FaceSearch

Suyog Jadhav
Jul 10, 2018 · 5 min read

FaceSearch searches for faces in a given image using OpenCV and then googles them using Google Reverse Image Search engine. Read on to see how this simple application can be easily built using OpenCV.


Motivation

This occurred to me while scrolling through my news feed that there were a lot of unknown people in many of the photos. Some of the photos also included a few people I already knew and followed posing with those ‘strangers’. Happens quite often with most of us. Most of the times, we simply ignore or try to google (and retreat). We don’t really have any idea what to do in such a scenario! After 10–15 minutes of Google searching and/or Google dorking, we sometimes even achieve our goal; but nonetheless, not in a very straightforward way. I had learned OpenCV recently and having mostly gone through a lot of MOOCs in the summer (doing nothing but learning stuff), I thought why not give it a try!

The way to go

The Google reverse image search comes in handy when you can’t tell Google what you want, in words. The case is similar here. We know the face, not the name. We can use it. However, just running an image search for the entire image wouldn’t be much fruitful, as it would most likely return you the same source from where you got the image!

We can, however, fine-tune the task and force it to search for a particular face in the image by using OpenCV and its Cascade Classifier. Searching for only the face turned out to be giving better results. We also need to upload the cropped image automatically to Google and open a new browser window with the results. A little bit of research showed it to be possible without any API, since Google has a static link to which one can simply send a POST request (using requests in python) to upload an image. The returned response contains a header named ‘Location’ which is the URL of search results found by Google. We can then use Python's built-in webbrowser module to open the URL in the user’s browser. That’s all we’ll need.

Implementation

The script is a command line application. Once installed, you just have to do facesearch path/to/image to run the script on an image. OpenCV is an open-source computer vision library originally written in C++. It is widely used for computer vision related tasks. For the curious, computer vision is the field of AI that deals with making the computers ‘see’, i.e., work with images and derive useful data from it. OpenCV was used to detect the faces in the given image, which were then cropped out using Numpy, a python library for performing advanced mathematical stuff in python. Mostly used for working with matrices. The cropped faces are then padded appropriately and shown to the user in a window, using OpenCV. OpenCV provides a dedicated function (cv2.setMouseCallback) to track the Mouse events on a window. It returns us the event name and the (x, y) coordinates of the event. Using the x, y coordinates of the click event, we can figure out which face user has clicked on. This allows for convenient point-and-click operation. For the convenience of dragging any image right off the internet and onto the terminal to get it searched, the script checks if the path provided to it is an internet URL and if it is, uses urllib to GET the image for further operations.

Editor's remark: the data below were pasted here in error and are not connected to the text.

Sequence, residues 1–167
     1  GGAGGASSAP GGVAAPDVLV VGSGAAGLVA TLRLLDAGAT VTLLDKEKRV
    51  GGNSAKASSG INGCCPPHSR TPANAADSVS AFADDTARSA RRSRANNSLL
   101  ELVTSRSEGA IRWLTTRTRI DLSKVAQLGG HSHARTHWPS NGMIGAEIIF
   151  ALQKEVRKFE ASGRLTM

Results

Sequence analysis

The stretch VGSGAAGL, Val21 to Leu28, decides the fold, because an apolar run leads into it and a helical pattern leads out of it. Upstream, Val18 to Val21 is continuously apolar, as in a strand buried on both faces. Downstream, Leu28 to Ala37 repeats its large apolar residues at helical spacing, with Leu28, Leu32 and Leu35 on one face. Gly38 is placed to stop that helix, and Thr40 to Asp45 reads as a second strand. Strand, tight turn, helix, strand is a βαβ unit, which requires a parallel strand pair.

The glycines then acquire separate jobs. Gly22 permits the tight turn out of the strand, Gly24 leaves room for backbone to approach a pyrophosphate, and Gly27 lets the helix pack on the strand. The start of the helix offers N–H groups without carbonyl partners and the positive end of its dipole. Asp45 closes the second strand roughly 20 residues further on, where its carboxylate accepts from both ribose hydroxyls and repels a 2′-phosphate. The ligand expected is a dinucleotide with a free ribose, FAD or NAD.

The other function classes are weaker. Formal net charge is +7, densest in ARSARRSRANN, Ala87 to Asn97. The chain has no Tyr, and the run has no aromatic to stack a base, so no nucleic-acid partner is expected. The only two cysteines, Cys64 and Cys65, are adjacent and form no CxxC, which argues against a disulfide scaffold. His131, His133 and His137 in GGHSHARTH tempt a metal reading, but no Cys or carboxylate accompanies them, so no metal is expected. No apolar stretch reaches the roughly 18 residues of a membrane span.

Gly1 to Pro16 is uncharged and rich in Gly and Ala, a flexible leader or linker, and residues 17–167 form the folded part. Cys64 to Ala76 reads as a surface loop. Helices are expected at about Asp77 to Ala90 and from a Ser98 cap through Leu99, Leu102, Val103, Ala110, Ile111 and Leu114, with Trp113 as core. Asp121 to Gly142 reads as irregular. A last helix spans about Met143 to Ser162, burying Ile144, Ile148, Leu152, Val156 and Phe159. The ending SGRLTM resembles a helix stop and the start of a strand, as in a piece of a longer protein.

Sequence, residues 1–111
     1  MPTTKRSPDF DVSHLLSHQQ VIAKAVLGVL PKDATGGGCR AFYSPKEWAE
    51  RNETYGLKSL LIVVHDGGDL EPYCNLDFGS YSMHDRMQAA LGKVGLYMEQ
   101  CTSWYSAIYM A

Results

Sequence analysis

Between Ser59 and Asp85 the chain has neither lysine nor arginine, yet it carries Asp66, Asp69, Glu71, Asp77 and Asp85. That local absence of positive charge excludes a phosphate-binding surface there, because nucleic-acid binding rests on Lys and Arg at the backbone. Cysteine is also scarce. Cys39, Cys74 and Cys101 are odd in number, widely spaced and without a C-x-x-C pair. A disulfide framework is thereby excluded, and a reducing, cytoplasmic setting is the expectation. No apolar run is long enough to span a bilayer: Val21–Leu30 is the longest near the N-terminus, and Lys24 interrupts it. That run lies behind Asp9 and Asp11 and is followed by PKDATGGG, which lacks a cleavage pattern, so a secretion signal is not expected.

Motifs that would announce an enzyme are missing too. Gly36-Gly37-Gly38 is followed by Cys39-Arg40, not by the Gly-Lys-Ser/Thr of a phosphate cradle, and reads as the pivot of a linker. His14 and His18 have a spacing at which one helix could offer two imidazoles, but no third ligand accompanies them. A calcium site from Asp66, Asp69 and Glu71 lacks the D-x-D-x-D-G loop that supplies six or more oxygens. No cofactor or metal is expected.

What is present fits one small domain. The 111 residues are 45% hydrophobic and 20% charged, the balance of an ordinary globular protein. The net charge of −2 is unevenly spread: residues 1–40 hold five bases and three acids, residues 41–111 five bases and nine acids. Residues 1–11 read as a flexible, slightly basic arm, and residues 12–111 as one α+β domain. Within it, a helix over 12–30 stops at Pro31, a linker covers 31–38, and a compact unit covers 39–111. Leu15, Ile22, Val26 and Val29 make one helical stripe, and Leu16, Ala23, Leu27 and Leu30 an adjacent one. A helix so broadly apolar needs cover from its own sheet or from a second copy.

At last, to search for the selected face, the cropped out face is saved temporarily in the current directory and then uploaded to Google’s server using the static link. Once the image is uploaded and the response is received back, the location header is read and passed to the webbrowser module, which then opens a new browser window or a new tab in an existing session with the search results. The script then cleans up the generated image and exits.


Installation

  • Directly download the latest release from the releases page.

OR

  • First clone this repo.
git clone https://github.com/IAmSuyogJadhav/FaceSearch.git
  • Change to the newly created directory FaceSearch/.
  • Now, to install the dependencies and create the alias for FaceSearch (to use the facesearch command), run the install.sh script.
bash install.sh

Usage

Once it finishes, you can now use the following command on the terminal to detect and search for the faces in any image.

facesearch path/to/Image

Also, note that the path/to/Image can be an internet URL as well! (prefixed with http: or https:) So, you can just drag an image off the internet over the terminal to get its URL pasted over there and search for faces in it using FaceSearch. Really convenient.


Examples

Test image:

On command line:

anon@anon-pc:~/FaceSearch$ facesearch example/test.jpg
[ INFO:0] Initialize OpenCL runtime...
Uploading image..
Thanks for using this tool! Please report any issues to github. https://github.com/IAmSuyogJadhav/FaceSearch/issues
Created new window in existing browser session.
anon@anon-pc:~/FaceSearch$ █

Output Window:

In the browser:

Any feedback, bug reports, and issues are welcome here!


Updates

  • 18–10–18: Created and released the first release of FaceSearch (v1.0). Directly downloadable from here.
  • 12–10–18: Thanks to Kaj Jansen, fixed an easy-to-miss bug. The script previously used the default system python; but, this caused an issue because of the list.copy() method not being defined in Python 2. Changed the script to explicitly use Python 3 now. Also, added a function in install.sh to remove any redundant aliases defined by the same name, to prevent problems occurring because of running install.sh script multiple times.
  • 10–08–18: Added support for closing the output window by GUI [x] button.
  • 07–08–18: The project report is now ready! You can read it here.
  • 05–08–18: A blog post detailing the implementation and working of FaceSearch is live now. Read it here.

Image Source: Rediff


Originally published at suyogjadhav.com on July 10, 2018.

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